From Galaxies Like Grains of Sand (1960) by Brian Aldiss:

For a long minute, Jandanagger was silent, searching for the key phrases of explanation.

“You have learned as much as you have very rapidly,” he said. “By not-understanding and then by well-understanding, you have made yourself one of the true citizens of the Galaxy. But you have only taken leap X; now you must take leap X¹º. Prepare yourself.”

“I am prepared.”

“All that you have learned is true. Yet there is a far greater truth, a truer truth. Nothing exists in the ultimate sense; all is illusion, a two-dimensional shadow play on the mist of space-time. Yinnisfar itself means ‘illusion.’”

“But the clawed thing…”

“The clawed thing is why we fare even farther ahead into the illusion of space. It is real. Only the Galaxy as you previously misinterpreted it is unreal, being but a configuration of mental forces. That monster, that thing you sensed, is the residue of slime of the evolutionary past still lingering – not outside you, but in your mind. It is from that we must escape. We must grow from it.”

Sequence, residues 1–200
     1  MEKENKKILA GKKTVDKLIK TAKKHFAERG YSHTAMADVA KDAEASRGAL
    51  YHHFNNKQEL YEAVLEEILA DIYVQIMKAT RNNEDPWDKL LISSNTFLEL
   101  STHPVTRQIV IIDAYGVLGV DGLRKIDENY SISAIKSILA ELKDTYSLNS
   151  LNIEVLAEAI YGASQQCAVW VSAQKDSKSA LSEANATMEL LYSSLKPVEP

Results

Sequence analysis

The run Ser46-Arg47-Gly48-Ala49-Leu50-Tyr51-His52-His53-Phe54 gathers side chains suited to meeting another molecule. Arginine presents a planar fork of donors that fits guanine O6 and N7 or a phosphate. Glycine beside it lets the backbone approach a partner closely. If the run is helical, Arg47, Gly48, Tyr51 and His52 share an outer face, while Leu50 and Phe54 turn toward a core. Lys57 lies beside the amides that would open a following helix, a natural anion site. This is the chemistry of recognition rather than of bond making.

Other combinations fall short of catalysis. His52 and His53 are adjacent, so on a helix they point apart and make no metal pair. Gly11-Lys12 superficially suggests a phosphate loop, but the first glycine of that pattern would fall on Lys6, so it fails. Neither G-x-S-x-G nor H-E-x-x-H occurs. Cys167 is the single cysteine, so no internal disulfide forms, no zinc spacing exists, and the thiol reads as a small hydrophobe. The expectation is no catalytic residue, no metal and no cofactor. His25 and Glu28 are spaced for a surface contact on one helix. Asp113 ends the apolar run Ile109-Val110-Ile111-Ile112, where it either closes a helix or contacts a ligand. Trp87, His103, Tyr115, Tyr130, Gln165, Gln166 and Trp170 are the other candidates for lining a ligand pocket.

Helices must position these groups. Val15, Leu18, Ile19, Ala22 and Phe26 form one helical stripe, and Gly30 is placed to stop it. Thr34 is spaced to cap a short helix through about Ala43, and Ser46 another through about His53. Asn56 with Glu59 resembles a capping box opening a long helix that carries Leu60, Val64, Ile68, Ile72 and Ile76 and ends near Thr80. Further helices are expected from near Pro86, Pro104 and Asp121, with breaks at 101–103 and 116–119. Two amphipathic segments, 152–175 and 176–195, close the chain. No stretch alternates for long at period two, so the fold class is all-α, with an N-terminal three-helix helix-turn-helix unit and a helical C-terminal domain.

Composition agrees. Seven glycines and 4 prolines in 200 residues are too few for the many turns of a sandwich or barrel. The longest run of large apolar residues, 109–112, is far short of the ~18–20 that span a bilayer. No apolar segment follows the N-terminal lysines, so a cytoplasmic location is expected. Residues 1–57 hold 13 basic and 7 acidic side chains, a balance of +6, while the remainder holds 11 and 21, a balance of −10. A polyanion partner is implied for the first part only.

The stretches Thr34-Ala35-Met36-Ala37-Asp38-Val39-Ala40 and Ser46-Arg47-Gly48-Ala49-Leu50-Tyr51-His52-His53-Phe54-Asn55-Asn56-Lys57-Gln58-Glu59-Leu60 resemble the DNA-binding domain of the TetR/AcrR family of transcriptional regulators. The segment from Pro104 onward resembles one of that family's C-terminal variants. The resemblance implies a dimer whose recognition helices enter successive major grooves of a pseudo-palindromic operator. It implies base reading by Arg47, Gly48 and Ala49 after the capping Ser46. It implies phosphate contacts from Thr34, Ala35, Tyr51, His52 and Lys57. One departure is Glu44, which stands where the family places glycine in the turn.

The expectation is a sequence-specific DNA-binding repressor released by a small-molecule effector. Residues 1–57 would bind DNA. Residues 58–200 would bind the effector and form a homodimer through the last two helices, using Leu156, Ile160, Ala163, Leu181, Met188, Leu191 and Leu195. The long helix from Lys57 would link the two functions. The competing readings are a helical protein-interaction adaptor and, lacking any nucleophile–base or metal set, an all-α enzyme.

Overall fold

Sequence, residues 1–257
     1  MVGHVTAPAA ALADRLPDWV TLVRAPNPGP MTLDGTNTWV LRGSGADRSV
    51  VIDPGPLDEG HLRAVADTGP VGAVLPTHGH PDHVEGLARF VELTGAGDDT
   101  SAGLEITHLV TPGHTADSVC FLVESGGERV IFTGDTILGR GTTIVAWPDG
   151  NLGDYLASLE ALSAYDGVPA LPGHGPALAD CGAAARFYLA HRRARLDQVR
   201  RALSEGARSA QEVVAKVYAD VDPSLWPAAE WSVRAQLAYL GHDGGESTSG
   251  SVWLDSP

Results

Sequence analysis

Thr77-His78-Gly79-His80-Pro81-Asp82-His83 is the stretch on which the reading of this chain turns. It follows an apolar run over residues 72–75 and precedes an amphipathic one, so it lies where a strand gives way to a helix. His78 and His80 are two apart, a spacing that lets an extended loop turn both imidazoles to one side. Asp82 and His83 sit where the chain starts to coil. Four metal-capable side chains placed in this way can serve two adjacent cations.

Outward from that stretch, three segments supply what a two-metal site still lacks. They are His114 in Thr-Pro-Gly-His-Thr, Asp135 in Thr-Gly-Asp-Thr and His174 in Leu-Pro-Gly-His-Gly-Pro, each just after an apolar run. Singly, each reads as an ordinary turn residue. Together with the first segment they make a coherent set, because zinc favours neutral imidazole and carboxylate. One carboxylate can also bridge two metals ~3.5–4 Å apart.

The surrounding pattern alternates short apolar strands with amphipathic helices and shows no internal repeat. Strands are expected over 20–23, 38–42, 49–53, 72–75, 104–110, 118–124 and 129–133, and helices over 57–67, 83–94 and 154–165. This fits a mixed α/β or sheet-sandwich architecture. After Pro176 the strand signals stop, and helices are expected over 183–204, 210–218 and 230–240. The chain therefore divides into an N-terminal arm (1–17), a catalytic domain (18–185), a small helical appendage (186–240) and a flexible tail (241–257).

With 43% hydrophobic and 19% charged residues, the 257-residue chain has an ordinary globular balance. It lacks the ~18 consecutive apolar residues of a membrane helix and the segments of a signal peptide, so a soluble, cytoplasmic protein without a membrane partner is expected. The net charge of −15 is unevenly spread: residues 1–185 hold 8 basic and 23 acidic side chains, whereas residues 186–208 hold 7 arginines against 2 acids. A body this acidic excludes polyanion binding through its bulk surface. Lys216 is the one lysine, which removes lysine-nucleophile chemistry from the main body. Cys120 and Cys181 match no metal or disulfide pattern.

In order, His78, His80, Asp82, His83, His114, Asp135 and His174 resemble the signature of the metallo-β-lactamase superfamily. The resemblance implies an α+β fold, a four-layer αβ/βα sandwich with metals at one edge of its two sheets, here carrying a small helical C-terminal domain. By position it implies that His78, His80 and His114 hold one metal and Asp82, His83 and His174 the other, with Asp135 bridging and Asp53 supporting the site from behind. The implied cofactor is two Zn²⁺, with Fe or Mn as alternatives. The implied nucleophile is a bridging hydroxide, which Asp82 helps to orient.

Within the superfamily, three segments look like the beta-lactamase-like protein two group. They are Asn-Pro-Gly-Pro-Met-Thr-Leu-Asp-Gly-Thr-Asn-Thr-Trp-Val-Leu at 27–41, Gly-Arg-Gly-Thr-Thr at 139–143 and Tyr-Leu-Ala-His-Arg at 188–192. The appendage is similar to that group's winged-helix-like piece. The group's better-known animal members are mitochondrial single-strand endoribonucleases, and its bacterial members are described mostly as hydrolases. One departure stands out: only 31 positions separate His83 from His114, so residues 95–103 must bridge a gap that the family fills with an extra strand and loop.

More explanation followed, but it was beyond Farro. In a flash, he saw that Jandanagger, with an eagerness to experiment, had driven him too far and too fast. He could not make the last leap; he was falling back, toppling into non-being. Somewhere within him, the pop-thud-pop sound of bursting arteries began. Others would succeed where he had failed, but, meanwhile, the angry claws were reaching from the heavens for him – to sunder, not to rescue.

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